Sobriquet 98.1: Riding the Great Allegheny Passage and C & O Towpath, Part 1

 Earlier this month, my friend Danesh and I cycled from Pittsburgh to Washington, D.C. via the Great Allegheny Passage and C & O Towpath. Despite the fact that neither one of us is particularly averse to spur-of-the-moment adventuring, we decided to book a package through Bike the GAP, reasoning that, since neither of us had ever ridden the trails previously, it would be wiser to rely on the expertise of a highly-rated company than on our own wits for planning our first ride. In the end, I would say we made the right decision. Sara, the owner of Bike the GAP, we soon discovered, was well-known and highly-regarded all along the trail. In fact, she was so well-known that, at least among the small businesses in the trail communities, the mononym "Sara" often felt as noteworthy as Prince, Madonna, Elvis, Shaq, or Oprah. Everywhere we stopped, it seemed, restauranteurs and innkeepers knew of Sara, appreciated the business she sent their way, and expressed that gratitude by treating us like VIPs.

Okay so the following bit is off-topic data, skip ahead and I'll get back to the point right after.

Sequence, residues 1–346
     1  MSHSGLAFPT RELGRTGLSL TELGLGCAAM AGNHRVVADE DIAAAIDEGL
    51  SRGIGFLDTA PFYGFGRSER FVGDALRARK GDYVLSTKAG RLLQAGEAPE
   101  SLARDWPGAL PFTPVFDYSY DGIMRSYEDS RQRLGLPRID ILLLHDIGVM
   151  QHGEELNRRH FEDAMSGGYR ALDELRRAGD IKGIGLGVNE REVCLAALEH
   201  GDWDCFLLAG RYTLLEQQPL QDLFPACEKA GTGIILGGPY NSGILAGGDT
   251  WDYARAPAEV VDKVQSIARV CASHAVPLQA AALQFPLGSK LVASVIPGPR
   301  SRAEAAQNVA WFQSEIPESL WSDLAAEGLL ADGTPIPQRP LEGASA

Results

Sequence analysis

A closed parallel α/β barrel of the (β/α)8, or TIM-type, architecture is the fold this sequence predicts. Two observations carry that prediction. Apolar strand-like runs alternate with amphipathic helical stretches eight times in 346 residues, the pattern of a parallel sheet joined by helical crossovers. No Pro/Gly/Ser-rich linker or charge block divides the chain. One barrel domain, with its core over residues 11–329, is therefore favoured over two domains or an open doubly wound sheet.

Because Danesh and I would be taking the Amtrak train to Pittsburgh from New York and returning to the New York area by train from Washington, we decided to save ourselves the headache of transporting our own bikes and rented a pair of hybrids that we could pick up at Golden Triangle Bike Rentals in Pittsburgh and return at Bike and Roll in Washington, D.C.'s L'Enfant Plaza. We ended up with two Felt Verza Paths, which proved to be fantastic. The bikes are sturdy without being unwieldy, roll through mud and puddles without feeling unsteady, and dampen vibrations without sacrificing too much speed.

Once we got our bikes set up, signed some last-minute paperwork, filled our water bottles, and slid into our respective chamois, we hit the trail. 


Popular Posts